Consider general Brownian bridge W(0)=0; W(T) = a. (Here "general" means: $W(T)\ne 0$).

What is the probability W(t) >= b, for all $ t \in [0, T] $ ?

Is there close simple formula in terms of a, b , T ?

EDIT Is the answer equal to $1-exp(-2b(a+b)/T) $ or $exp(-2b(a-b)/T) $ ? (See comment-edit below).

Can the formula be the same for any martingale type stochastic process (e.g. random walk), not only brownian motion, or it somehow depends on the details of stochastic process ? If there is such dependence how the questioned probability will change if we consider the distribition W(t) to have more and more "heavy tails" ?

(I'm sure that questions are well-known for experts, but it is somehow difficult to google the asnwer, so let me ask here).

Remark: If we consider somewhat informally related question - probability for W first hit a, before hitting (-b), (i.e. W(some T)=a and W(t < T) > b) there is simple formula P = b/(a+b), which holds true for any martingale stochastic process. The questions are somewhat different, but still resemble each other and so the simplicity of the answer P=b/(a+b) makes me hope that the answer to my question might be simple and closed form.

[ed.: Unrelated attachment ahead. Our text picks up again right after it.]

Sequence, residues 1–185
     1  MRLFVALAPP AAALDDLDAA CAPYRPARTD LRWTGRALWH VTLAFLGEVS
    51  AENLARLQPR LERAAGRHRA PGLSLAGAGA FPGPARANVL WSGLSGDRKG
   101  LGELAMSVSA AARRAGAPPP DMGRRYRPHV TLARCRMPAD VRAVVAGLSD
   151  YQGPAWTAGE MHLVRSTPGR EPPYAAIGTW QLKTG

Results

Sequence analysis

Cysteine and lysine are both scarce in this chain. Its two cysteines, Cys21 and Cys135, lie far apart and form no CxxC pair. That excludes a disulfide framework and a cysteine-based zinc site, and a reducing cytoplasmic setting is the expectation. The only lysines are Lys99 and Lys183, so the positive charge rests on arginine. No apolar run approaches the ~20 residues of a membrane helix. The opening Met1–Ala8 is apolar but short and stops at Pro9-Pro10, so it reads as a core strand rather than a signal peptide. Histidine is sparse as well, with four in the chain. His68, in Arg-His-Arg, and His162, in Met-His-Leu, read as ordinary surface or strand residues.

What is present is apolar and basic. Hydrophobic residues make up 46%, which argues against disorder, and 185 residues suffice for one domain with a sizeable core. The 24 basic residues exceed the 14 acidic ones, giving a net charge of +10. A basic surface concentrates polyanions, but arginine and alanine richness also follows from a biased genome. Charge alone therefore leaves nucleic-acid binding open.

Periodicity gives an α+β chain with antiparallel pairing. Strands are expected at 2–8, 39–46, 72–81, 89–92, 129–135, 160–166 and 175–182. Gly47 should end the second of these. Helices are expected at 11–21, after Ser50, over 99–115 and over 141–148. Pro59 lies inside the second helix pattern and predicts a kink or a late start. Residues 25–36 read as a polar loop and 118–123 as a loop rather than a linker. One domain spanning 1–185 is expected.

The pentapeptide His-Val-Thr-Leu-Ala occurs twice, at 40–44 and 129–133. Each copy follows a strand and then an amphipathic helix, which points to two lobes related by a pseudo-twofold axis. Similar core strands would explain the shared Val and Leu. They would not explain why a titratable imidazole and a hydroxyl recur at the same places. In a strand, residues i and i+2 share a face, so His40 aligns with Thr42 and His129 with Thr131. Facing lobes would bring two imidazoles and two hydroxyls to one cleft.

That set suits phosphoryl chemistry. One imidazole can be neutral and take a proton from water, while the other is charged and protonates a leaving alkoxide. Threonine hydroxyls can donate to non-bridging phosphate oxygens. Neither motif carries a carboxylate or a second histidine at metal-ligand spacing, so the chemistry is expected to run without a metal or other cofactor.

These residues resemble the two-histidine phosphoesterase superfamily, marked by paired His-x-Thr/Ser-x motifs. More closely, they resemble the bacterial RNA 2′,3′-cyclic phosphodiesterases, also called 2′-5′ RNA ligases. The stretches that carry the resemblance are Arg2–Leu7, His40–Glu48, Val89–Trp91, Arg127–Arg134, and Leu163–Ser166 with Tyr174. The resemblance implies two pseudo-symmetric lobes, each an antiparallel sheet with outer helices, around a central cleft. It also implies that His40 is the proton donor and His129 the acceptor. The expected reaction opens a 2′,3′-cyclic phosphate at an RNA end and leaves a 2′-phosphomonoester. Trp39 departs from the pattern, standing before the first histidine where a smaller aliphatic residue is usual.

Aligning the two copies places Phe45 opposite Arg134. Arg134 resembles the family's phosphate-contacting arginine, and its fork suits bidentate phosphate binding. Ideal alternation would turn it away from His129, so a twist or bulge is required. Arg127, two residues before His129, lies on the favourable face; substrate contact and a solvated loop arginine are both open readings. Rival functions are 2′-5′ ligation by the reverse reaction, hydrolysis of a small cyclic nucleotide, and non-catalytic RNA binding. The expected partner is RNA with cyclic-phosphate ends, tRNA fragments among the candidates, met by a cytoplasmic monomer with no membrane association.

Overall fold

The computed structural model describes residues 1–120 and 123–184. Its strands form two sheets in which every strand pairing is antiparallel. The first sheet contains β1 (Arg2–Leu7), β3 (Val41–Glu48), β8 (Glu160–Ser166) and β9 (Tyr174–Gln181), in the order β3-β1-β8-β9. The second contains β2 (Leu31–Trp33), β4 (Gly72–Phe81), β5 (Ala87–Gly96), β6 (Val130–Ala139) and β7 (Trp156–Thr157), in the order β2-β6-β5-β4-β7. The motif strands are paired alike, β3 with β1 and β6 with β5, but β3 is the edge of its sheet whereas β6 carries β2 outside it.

EDIT As MattF suggested at a comment we might look at "On the maximum of the generalized Brownian bridge" Theorem 2.1. And the answer seems to be almost there - given by the formula presented in edit above. But I am not 100% sure, since they consider more general case and we need to set u=t which causes division by zero in their formula. Hopefully it is not a big problem - the formula is continuous and just simplifies to $exp( -2\beta(\beta-\eta)/ u ) $ in a limit u=t, in their notations.